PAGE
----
On September 9, Janita Stewart suited up with a mask, protective gloves and rubber boots to survey the damage in-person at the Gulfport office she manages. She had been on the road before daybreak and wouldn’t return home until after dark, but she was on a necessary mission to salvage whatever she could.
Stewart, district director of the U.S. Small Business Administration in Jackson, had called public information officer Gary Reed at home two days before the hurricane slammed into the Gulf Coast and asked him to secure the government agency’s computer equipment as best as he could.
Then described by meteorologists as a Category 5 storm, the hurricane jogged east from New Orleans just before making landfall, seemingly following Camille’s destructive path in 1969.
“We were so thrilled to see that, because of Gary’s actions, several thousand dollars’ worth of computer equipment might have been salvaged,” said Stewart. “We’ll have our technology specialist check it out on Monday, but we think it’s OK.”
Branch office gone
The SBA Gulfport branch office, located in BancorpSouth Plaza at 2909 13th Street, Suite 203, was destroyed, another victim of Hurricane Katrina, the Category 4 storm whose name origin is Greek, ironically meaning “pure, virginal.” She also demolished the SBA’s government vehicle.
“There’s a GSA vehicle on order on its way to us right now,” said Stewart. “And it’s never worked this fast before. Trust me. They broke I don’t know how many records working with us this time. Things have really gone much faster than we thought they would.”
Stewart said the government’s response was expedited “because this was such a tremendous disaster, and something had to be done quickly to get our branch office relocated and functioning again.”
“Of course, we’re already dealing with disasters and questions from all over the place in the district office. The problem was so big, they knew they needed to step up to the plate and take care of it, so they did,” she said.
A solid plan
Several years ago, Stewart crafted an SBA business interruption plan, and named two alternative work sites in the event of an emergency. “Our first alternate work site was the University of Southern Mississippi Small Business Development Center in Long Beach, and that’s gone,” she said. “The second one was the Gulf Coast Business and Technology Center in Biloxi, and executive director Adele Lyons contacted us before we could contact her and welcomed us with open arms.”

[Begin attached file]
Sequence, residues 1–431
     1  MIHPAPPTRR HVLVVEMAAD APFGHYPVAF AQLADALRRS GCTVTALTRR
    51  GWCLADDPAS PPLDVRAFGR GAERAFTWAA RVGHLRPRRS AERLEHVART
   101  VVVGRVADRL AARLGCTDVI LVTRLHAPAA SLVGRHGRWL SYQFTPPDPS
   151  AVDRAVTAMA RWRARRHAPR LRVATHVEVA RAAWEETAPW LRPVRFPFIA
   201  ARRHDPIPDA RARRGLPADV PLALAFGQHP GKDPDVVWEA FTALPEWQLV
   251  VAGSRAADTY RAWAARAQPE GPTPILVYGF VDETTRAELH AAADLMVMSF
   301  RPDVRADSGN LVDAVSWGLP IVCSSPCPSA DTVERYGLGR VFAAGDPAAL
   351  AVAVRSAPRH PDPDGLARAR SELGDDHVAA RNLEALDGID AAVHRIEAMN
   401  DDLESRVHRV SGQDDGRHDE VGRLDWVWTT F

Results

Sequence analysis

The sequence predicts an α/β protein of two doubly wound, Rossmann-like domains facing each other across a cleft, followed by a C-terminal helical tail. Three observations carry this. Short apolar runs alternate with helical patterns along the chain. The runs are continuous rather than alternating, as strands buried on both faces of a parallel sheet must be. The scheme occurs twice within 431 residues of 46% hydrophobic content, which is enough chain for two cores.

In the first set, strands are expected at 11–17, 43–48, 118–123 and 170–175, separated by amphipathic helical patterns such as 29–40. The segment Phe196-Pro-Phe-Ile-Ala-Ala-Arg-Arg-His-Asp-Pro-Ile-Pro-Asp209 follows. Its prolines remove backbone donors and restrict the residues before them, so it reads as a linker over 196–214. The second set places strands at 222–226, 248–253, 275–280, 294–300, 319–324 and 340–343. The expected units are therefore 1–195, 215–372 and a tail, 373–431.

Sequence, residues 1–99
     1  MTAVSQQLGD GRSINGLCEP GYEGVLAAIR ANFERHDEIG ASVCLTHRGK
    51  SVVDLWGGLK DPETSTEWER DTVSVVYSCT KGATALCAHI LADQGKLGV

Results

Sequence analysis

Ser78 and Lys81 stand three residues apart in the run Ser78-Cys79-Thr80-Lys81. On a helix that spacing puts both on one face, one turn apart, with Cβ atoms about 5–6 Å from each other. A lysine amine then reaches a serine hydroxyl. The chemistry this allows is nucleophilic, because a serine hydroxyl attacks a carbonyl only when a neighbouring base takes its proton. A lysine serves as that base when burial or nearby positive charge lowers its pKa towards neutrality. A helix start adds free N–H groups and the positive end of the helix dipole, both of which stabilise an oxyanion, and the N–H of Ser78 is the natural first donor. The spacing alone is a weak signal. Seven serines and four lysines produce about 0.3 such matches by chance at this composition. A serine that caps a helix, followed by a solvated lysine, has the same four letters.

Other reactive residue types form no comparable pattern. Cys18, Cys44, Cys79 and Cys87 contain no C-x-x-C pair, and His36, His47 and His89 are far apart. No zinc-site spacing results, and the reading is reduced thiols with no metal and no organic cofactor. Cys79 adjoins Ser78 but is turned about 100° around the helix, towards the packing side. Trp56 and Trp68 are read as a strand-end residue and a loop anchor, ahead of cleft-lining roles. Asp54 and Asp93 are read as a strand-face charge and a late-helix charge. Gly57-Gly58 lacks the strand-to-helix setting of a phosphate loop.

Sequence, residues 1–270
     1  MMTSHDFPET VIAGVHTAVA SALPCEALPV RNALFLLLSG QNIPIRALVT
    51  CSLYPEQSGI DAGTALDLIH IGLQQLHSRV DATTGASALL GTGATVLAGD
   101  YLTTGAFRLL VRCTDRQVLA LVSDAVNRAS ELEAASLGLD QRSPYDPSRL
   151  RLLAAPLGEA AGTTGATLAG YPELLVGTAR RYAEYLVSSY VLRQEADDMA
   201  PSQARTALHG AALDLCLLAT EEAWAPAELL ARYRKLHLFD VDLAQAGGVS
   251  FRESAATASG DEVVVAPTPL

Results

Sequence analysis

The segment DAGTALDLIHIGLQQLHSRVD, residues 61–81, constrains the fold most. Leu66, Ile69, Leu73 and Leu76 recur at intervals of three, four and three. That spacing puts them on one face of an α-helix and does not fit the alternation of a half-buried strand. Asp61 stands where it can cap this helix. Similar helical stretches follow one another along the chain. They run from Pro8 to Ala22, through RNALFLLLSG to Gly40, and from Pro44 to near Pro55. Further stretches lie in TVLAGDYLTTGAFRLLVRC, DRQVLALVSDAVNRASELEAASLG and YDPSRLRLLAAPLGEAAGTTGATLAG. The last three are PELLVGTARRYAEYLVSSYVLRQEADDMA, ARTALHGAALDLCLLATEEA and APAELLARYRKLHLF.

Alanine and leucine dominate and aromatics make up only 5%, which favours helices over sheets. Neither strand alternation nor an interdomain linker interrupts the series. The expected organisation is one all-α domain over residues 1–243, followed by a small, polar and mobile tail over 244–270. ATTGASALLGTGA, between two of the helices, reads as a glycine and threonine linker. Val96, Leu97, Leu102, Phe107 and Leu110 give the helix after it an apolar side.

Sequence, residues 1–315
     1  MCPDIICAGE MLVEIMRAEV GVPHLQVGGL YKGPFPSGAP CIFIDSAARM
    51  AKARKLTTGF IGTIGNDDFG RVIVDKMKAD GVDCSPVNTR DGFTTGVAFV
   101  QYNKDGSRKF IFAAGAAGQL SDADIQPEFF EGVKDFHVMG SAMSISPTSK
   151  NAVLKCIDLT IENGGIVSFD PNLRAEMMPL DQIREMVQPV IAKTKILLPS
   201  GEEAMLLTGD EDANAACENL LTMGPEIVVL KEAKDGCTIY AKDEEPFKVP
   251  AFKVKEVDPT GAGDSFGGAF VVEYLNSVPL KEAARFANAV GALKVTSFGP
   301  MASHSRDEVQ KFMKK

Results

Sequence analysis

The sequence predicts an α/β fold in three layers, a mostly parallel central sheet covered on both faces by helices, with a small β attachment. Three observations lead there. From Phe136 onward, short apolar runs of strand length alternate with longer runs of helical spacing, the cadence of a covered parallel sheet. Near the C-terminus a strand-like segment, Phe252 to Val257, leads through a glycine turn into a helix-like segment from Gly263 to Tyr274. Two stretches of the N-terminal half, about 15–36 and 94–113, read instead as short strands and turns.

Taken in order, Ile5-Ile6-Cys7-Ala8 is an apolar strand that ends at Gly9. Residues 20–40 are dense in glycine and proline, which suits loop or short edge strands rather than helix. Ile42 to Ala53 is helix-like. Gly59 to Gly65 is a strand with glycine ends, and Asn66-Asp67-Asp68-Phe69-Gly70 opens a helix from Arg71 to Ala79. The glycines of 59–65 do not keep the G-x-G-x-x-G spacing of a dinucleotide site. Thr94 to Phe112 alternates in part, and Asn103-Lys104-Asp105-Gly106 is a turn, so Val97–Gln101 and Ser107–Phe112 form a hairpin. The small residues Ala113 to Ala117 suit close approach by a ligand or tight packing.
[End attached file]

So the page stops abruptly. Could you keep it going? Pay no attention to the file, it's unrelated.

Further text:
After an unprecedented four hurricanes struck Florida and 13 other states last summer, the SBA approved more than $2.1 billion in disaster loans to about 64,500 residents and business owners in the disaster areas.
“Our hearts go out to the victims of Hurricane Katrina,” said SBA administrator Hector Barreto.
FEMA will soon open 25 to 30 Disaster Recovery Centers throughout Mississippi.
“If business owners in the disaster areas have a loss period, they need to start the disaster application process by registering online with FEMA (fema.gov) or by calling 800-621-FEMA,” urged Stewart. “Then if their need is something the SBA can assist with, FEMA will contact us. Since the storm brought on such a massive amount of damage, they may need to be a little patient. More likely, if they call late at night or early in the morning, it’ll be easier for them to get through.” (Until further notice, FEMA’s toll-free line is open 24 hours daily.)
SBA offers loans up to $200,000 to repair disaster-damaged primary residences. Homeowners and renters are eligible for loans up to $40,000 to replace personal property such as furniture and clothing. Loans to businesses of all sizes and non-profit organizations are available up to $1.5 million to repair damage to real estate, machinery, equipment and inventory.
Economic Injury Disaster Loans (EIDLs) are also available to small businesses unable to pay bills or meet operating expenses.
Interest rates can be as low as 2.68% for homeowners and renters and 4% for businesses with terms up to 30 years. The SBA sets loan amounts and terms based on each applicant’s financial condition.
Stewart, who was logging her 15th hour of the workday, a process repeated daily since the hurricane hit the Gulf Coast August 29, sounded slightly weary but very upbeat. “We’re tired today, but it’s worth it,” she said. “We’re here to help people and glad that we’re able to.”
Contact MBJ contributing writer Lynne W. Jeter at firstname.lastname@example.org.
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